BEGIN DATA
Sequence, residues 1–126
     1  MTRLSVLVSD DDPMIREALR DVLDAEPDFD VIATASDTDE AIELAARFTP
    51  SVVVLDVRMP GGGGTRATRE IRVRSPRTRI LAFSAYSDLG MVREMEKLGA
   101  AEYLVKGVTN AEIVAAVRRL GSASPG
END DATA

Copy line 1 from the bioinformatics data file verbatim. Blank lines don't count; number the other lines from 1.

Sequence, residues 1–126